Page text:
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Given a string:

String words = "Mary had a little lamb";

how to obtain a combination of sentence fragments while the order of occurrence of words in the original sentence is maintained ???


{'Mary had a little lamb'}
{'Mary had a little', 'lamb'}
{'Mary had a', 'little lamb'}, {'Mary had a', 'little', 'lamb'}
{'Mary had', 'a little lamb'}, {'Mary had', 'a little', 'lamb'}, {'Mary had', 'a', 'little lamb'}, {'Mary had', 'a', 'little', 'lamb'}
{'Mary', 'had a little lamb'}, {'Mary', 'had a little', 'lamb'}, {'Mary', 'had a', 'little lamb'} and so on...

Thanks in advance :)

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up vote 4 down vote accepted

Think about it this way:

Mary <1> had <2> a <3> little <4> lamb

Each of these <number>s can be either true or false. If it is true, then you cut the sentence in that location.

So, if you have n+1 words, your problem gets reduced to going through binary representation of numbers with n bit, that is from 0 to 2^n-1


0110 -> {'Mary had', 'a', 'little lamb'}
1111 -> {'Mary', 'had', 'a', 'little', 'lamb'}
0001 -> {'Mary had a little', 'lamb'}
1011 -> {'Mary', 'had a', 'little', 'lamb'}
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Nice :) but my problem has a constraint, in that, if <2> is set to false, i cannot have <3> or <4> or any such following variables to be true. That will not preserve the order. Example: Such a combination is not permitted - {'Mary', 'little lamb'} – codemaniac Jan 21 '12 at 11:59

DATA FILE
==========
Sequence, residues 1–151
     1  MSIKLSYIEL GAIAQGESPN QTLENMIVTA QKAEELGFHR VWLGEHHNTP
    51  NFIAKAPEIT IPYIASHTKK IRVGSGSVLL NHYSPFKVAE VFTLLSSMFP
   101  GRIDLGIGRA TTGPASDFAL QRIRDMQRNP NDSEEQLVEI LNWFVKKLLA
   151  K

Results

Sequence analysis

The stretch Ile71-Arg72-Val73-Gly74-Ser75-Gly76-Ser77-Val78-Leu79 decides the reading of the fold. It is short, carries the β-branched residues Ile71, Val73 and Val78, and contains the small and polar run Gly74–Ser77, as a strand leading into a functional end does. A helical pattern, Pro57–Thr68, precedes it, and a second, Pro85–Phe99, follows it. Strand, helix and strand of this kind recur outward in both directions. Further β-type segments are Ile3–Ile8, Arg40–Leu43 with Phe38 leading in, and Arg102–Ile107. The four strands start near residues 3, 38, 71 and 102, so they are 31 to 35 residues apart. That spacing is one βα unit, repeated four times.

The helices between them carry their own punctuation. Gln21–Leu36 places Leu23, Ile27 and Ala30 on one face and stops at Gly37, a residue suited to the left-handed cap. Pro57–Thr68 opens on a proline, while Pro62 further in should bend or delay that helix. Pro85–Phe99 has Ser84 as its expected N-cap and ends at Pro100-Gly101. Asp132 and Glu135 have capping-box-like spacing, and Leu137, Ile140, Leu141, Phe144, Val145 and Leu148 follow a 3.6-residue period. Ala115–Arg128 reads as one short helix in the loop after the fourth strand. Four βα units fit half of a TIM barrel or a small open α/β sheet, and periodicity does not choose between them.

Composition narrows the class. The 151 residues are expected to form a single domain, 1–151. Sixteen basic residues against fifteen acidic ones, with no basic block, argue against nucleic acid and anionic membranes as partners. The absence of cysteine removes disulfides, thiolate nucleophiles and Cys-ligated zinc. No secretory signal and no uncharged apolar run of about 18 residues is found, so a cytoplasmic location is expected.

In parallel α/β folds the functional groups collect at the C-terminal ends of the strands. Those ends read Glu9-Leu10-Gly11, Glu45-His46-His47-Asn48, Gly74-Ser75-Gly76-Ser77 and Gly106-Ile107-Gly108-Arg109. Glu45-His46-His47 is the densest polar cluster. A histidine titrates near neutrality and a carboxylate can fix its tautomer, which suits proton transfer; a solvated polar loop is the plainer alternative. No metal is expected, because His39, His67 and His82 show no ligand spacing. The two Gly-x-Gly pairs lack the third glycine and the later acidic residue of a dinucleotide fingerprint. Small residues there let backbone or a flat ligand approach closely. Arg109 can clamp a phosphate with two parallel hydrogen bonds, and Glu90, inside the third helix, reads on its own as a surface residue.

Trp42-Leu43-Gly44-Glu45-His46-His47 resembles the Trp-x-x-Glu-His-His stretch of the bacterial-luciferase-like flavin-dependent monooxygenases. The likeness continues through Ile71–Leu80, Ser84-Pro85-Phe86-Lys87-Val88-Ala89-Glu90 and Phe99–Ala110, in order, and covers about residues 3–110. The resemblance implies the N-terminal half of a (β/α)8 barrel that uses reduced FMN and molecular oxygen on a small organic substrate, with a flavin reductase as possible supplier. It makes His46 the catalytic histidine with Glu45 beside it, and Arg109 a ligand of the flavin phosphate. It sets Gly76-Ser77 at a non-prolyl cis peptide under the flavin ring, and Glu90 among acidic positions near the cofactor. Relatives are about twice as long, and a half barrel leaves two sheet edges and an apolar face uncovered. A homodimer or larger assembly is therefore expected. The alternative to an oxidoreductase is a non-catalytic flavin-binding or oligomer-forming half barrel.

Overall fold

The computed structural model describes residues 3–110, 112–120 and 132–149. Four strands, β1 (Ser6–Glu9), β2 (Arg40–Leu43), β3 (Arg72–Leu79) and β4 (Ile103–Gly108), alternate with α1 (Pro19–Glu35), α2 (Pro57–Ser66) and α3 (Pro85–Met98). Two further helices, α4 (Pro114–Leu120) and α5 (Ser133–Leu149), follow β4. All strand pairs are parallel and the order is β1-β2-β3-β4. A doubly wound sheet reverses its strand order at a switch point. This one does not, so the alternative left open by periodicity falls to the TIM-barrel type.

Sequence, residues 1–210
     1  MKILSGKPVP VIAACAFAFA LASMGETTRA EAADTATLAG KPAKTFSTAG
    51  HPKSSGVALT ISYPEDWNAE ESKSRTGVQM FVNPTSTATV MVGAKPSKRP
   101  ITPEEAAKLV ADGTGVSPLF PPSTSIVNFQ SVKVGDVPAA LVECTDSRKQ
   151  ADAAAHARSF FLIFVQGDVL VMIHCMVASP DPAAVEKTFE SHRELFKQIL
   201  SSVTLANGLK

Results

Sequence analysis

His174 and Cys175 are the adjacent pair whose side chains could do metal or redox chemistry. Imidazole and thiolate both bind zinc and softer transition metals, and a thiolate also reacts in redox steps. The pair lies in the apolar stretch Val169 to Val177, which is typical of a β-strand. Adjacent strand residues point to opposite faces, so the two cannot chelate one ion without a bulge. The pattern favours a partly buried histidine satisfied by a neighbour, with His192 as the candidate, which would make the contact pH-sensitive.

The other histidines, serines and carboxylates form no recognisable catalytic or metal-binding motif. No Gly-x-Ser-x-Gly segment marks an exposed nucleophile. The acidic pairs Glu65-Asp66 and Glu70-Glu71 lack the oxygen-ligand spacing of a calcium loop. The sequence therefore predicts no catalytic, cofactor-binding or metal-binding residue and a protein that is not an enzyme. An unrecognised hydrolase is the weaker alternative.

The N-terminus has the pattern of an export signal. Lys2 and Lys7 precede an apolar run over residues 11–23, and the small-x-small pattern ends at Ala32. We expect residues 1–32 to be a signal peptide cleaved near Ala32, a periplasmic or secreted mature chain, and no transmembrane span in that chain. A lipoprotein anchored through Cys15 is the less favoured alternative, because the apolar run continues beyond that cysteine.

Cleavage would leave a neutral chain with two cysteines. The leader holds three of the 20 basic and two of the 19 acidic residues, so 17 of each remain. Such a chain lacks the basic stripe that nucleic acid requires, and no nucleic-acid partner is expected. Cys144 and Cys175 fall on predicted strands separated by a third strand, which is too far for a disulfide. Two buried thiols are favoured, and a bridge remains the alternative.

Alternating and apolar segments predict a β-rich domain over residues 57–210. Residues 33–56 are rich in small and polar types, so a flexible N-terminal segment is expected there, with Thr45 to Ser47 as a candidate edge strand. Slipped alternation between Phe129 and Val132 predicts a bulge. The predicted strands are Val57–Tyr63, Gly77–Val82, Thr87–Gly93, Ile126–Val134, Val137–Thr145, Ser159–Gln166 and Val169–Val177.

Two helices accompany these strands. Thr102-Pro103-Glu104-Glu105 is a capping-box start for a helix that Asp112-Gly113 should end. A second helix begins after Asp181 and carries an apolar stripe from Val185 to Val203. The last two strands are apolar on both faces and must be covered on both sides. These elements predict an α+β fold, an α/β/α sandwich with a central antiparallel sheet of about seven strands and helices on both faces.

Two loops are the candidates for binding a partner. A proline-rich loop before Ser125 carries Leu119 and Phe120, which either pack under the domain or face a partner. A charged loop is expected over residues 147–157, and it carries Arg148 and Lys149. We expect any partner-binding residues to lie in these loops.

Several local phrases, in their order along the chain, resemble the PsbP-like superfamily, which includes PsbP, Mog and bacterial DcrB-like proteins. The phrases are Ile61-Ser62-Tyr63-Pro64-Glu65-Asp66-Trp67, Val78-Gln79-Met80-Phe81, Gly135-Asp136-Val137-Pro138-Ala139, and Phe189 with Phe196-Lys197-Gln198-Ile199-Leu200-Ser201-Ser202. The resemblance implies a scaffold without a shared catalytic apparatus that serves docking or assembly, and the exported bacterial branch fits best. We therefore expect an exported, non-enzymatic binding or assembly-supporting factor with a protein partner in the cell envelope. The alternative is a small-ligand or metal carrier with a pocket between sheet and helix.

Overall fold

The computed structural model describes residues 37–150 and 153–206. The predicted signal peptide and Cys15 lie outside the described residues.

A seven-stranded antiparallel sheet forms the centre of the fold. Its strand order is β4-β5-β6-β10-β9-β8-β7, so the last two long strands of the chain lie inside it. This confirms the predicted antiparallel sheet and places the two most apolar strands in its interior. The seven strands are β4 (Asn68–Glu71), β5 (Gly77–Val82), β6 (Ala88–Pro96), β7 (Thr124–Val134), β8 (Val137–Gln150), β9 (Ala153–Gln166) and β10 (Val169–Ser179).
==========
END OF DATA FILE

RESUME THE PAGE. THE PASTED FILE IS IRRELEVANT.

Thanks for the example :) helped – codemaniac Jan 21 '12 at 12:04
I don't think it would be hard to find the pattern if you think about it in binary numbers, right? – Shahbaz Jan 21 '12 at 12:12

To get the output shown in your question, though not in the same order, this is what I would do.
I will be using Mathematica code, but the concepts are universal.

string = "Mary had a little lamb";
set = StringSplit[string]
n = Length@set
{"Mary", "had", "a", "little", "lamb"}

So you will need a function that breaks the sentence into words (StringSplit).

Then you will need a function to generate integer partitions and a permutation function that is aware of duplicate elements. Algorithms for both can be found here on StackOverflow.

{{5}, {4, 1}, {3, 2}, {3, 1, 1}, {2, 2, 1}, {2, 1, 1, 1}, {1, 1, 1, 1, 1}}

Once we permute each partition ("for each" is /@) we get all ways to linearly split a set of five parts:

parts = Join @@ Permutations /@ IntegerPartitions[n]
{{5}, {4, 1}, {1, 4}, {3, 2}, {2, 3}, {3, 1, 1}, {1, 3, 1},
 {1, 1, 3}, {2, 2, 1}, {2, 1, 2}, {1, 2, 2}, {2, 1, 1, 1}, {1, 2, 1, 1},
 {1, 1, 2, 1}, {1, 1, 1, 2}, {1, 1, 1, 1, 1}}

Finally we need a function to split a set according to a sequences of lengths. I call mine dynamicPartition:

dynamicPartition[set, #] & /@ parts // Column
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You have 4 word delimiters (spaces) here. Every space may be replaced (or not) by sentence delimiter. So there are 16 = 2^4 cases, which correspond to binary numbers 0000...1111.

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